Russia and the United States have each imposed new sanctions on the other over the crisis in Ukraine. President Obama made the announcement on Thursday.
President Obama: “Based on the executive order that I signed in response to Russia’s initial intervention in Ukraine, we’re imposing sanctions on more senior officials of the Russian government. In addition, we are today sanctioning a number of other individuals with substantial resources and influence who provide material support to the Russian leadership, as well as a bank that provides material support to these individuals. Now we’re taking these steps as part of our response to what Russia has already done in Crimea.”
Obama also said the United States could impose sanctions on key sections of the Russian economy. Russia in turn barred nine U.S. officials from entering the country, including House Speaker John Boehner and Senate Majority Leader Harry Reid. Earlier today, President Putin signed bills completing Russia’s annexation of Crimea after the region voted to secede from Ukraine. European leaders meanwhile signed a deal to strengthen ties with Ukraine’s new pro-EU government. The deal’s abandonment by Ukrainian President Viktor Yanukovych sparked the protests that led to his ouster.
Reid Orders Probe of Senate Computers After Reports of CIA Spying
Senate Majority Leader Harry Reid has ordered a forensic examination of Senate Intelligence Committee computers following reports the CIA spied on committee staff to thwart a probe of the CIA’s torture and rendition program. In a letter to CIA Director John Brennan, Senator Reid bolstered last week’s claims by Senator Dianne Feinstein, who openly accused the CIA of spying on Senate staffers and seizing material from their computers. Reid also dismissed Brennan’s claim Senate staffers penetrated classified CIA networks, calling the allegation “patently absurd.”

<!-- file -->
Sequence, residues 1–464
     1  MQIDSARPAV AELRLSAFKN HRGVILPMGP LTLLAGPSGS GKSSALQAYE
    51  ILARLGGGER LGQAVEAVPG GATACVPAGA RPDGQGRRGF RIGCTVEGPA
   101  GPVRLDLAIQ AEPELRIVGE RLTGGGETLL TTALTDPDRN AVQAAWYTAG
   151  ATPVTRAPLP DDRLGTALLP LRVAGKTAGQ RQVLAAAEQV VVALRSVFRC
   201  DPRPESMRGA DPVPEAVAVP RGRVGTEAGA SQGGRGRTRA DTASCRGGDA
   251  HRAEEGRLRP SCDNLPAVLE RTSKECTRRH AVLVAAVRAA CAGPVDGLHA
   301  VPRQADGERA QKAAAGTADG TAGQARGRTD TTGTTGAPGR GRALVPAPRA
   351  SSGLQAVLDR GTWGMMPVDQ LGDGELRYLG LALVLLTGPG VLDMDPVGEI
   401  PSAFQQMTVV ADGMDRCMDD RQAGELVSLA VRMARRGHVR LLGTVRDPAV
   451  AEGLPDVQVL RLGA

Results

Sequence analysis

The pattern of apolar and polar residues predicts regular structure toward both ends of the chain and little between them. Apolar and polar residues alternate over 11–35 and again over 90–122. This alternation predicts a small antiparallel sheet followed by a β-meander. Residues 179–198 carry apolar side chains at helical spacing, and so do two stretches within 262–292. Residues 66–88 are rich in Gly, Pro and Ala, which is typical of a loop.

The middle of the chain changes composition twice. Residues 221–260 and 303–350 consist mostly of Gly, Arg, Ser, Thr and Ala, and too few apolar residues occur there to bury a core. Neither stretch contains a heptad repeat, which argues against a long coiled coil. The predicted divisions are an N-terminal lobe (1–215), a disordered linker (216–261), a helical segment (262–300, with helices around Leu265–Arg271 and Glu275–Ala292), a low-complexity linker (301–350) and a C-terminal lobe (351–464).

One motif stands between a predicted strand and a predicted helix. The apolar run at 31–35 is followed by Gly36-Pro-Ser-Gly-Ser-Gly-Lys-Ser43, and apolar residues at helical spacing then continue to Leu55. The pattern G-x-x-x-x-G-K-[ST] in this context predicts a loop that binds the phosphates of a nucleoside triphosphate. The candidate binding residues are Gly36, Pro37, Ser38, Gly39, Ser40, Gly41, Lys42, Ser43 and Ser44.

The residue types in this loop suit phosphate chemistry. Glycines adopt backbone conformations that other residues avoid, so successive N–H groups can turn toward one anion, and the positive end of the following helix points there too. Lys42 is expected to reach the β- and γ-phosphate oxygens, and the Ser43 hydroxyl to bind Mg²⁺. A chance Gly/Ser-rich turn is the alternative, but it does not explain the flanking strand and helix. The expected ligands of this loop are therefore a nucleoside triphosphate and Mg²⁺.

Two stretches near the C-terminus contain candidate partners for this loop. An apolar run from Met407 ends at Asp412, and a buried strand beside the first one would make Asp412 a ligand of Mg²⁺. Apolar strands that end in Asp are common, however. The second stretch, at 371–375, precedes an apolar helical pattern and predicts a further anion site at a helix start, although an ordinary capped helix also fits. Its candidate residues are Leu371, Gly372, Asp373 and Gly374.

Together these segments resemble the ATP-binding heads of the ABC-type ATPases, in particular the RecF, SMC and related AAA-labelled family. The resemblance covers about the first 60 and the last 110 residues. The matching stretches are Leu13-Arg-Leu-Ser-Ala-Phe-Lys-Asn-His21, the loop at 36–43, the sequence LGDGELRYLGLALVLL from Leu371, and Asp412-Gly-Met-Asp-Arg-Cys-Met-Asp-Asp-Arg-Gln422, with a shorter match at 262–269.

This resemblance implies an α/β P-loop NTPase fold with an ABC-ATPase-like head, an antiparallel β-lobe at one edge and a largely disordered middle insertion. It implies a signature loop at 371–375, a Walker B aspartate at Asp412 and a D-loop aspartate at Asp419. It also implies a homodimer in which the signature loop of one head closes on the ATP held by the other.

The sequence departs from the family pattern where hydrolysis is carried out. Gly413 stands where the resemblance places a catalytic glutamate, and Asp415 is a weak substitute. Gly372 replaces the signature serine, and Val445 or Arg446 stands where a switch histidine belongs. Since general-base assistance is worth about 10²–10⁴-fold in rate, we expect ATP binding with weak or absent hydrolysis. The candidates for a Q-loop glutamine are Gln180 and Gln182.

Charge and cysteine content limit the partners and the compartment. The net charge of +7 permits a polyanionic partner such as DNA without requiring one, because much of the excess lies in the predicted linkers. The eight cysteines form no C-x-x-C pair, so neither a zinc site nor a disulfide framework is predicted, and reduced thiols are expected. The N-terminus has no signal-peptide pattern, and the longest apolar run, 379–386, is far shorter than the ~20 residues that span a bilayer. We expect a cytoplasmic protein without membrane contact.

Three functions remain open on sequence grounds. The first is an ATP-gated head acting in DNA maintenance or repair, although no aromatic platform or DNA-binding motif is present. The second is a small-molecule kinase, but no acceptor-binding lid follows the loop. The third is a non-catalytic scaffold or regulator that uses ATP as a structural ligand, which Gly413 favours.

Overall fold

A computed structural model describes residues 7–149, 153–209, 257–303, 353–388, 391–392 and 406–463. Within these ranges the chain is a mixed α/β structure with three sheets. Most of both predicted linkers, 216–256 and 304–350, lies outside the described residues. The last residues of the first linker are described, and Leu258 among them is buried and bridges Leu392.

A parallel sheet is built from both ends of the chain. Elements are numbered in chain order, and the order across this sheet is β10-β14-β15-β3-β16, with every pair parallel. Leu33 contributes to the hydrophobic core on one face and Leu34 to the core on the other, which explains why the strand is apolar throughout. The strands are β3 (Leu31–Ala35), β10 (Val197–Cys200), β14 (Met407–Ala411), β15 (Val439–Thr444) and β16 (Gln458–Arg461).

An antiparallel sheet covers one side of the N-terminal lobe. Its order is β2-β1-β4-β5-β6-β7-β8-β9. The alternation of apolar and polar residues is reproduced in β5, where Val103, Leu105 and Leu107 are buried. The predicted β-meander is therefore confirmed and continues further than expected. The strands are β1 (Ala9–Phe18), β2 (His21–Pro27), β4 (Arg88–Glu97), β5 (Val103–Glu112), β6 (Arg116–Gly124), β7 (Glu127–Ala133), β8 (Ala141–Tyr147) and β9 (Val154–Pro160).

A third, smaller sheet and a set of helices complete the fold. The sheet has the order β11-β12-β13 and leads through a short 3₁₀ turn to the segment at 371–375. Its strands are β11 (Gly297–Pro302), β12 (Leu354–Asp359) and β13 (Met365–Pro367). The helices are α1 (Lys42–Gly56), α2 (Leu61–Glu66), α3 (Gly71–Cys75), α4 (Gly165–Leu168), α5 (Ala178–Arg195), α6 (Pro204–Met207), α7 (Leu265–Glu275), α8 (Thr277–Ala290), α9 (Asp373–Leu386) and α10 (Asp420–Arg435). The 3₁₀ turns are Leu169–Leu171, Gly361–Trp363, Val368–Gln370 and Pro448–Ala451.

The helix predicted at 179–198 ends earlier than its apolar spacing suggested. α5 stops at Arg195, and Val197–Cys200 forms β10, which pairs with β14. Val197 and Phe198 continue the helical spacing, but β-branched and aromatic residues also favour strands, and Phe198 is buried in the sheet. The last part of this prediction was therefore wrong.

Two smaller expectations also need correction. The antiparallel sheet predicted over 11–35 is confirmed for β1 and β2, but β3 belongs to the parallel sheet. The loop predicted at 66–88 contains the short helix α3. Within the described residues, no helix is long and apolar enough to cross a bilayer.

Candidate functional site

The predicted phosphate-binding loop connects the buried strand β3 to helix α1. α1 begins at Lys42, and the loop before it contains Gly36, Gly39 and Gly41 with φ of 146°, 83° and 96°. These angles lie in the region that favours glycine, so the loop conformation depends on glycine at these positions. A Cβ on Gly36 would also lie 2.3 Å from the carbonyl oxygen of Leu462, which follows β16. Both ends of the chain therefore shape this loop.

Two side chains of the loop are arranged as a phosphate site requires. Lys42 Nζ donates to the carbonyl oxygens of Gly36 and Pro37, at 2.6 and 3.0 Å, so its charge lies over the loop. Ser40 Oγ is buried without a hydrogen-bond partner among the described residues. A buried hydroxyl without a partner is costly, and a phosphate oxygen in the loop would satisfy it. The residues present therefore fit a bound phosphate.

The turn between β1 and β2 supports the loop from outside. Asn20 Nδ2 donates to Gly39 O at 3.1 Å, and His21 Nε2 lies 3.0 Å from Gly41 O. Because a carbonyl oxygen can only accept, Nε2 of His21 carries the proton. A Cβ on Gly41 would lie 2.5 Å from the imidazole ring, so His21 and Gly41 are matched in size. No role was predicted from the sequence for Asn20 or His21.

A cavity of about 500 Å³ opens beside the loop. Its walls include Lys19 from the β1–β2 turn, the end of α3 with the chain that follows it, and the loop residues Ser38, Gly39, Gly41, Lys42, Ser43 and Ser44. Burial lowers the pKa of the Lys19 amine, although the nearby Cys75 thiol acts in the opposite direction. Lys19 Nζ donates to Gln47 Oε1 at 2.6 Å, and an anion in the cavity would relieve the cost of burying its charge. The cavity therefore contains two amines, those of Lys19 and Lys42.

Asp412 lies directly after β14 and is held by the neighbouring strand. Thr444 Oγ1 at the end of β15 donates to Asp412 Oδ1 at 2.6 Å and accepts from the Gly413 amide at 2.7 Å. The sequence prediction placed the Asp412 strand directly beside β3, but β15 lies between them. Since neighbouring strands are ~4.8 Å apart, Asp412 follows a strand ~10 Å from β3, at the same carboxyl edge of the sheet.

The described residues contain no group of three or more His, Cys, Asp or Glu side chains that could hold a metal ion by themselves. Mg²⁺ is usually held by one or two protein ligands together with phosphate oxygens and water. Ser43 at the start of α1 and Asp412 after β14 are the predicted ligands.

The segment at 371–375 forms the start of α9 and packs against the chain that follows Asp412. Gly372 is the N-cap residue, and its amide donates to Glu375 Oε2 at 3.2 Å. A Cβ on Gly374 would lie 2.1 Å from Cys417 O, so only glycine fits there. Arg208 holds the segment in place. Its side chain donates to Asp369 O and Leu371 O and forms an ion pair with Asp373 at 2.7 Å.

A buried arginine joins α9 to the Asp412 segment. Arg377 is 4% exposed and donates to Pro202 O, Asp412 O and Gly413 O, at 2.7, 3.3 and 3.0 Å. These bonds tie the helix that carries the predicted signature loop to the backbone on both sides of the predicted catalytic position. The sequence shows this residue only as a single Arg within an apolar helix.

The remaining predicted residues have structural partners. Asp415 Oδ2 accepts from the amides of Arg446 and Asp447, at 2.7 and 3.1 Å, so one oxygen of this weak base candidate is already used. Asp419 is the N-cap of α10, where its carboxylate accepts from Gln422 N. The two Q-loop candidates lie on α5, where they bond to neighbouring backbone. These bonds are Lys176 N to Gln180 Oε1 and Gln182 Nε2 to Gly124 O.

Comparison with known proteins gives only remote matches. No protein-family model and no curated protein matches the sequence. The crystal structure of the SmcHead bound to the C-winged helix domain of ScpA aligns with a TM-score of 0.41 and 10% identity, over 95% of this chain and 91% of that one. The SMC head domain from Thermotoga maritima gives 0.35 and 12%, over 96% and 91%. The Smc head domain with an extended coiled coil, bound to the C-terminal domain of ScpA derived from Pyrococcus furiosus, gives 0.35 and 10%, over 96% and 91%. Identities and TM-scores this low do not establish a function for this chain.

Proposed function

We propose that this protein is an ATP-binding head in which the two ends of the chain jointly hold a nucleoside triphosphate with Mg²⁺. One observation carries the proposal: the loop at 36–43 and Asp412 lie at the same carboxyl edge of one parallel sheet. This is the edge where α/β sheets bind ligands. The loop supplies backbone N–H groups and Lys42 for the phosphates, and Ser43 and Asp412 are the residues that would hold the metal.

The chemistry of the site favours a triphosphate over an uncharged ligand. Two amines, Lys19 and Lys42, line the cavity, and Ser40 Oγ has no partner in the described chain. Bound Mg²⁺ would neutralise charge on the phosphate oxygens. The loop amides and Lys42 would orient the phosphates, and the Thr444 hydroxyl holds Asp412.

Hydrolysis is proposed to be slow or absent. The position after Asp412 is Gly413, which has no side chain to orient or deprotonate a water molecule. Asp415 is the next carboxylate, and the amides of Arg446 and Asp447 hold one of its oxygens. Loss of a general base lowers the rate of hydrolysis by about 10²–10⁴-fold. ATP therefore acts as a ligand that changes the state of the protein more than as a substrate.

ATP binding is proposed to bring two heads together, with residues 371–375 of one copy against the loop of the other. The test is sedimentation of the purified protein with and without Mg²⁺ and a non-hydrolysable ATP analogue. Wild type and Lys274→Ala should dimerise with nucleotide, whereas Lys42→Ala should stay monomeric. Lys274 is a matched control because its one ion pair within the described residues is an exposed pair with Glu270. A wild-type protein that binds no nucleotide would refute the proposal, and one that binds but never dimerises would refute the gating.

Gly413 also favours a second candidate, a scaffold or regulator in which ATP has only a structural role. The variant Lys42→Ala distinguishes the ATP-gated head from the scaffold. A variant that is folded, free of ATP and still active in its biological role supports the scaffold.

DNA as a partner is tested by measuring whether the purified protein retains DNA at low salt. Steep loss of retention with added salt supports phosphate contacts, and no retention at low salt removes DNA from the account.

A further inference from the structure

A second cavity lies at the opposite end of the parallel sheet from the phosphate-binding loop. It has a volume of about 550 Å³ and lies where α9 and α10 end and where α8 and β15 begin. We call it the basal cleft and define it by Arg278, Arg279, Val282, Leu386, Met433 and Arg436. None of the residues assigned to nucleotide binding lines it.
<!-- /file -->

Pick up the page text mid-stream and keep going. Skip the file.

North Carolina: Duke Energy Cited for Dumping 61 Million Gallons of Toxic Waste
Environmental regulators in North Carolina have cited Duke Energy for intentionally dumping 61 million gallons of toxic coal ash waste into a canal that feeds a river which supplies drinking water. Duke is already under federal investigation for a coal ash spill in February that coated the bottom of another river with 70 miles of toxic sludge. North Carolina regulators have faced accusations of guarding Duke from litigation over coal ash. Governor Pat McCrory worked at Duke for 28 years.
In New York, 59 people were arrested in the State Capitol in Albany at a protest calling for economic and social justice. As lawmakers debated the state budget, the protesters staged a sit-in and blocked the entrance to Governor Andrew Cuomo’s office. Their demands include closing the gulf between rich and poor.
Rev. Frances Rosenau: “Because a budget is a moral document, it has implications for people across the state, young and old, rich and poor. And because these decisions about the budget are so crucial, they have moral implications. And so we join with people of faith and people of no faith who call for morality in our leadership as a state.”
Julia Boyd: “So far, our 1 percent governor has done absolutely nothing, and we’re sick and tired. So we’re here today, and I’m oldest one here, to let him know we ain’t gonna take it no more.”
That was Julia Boyd, age 77, and, before that, Reverend Frances Rosenau. Special thanks to Democracy Now! fellow Messiah Rhodes for that report.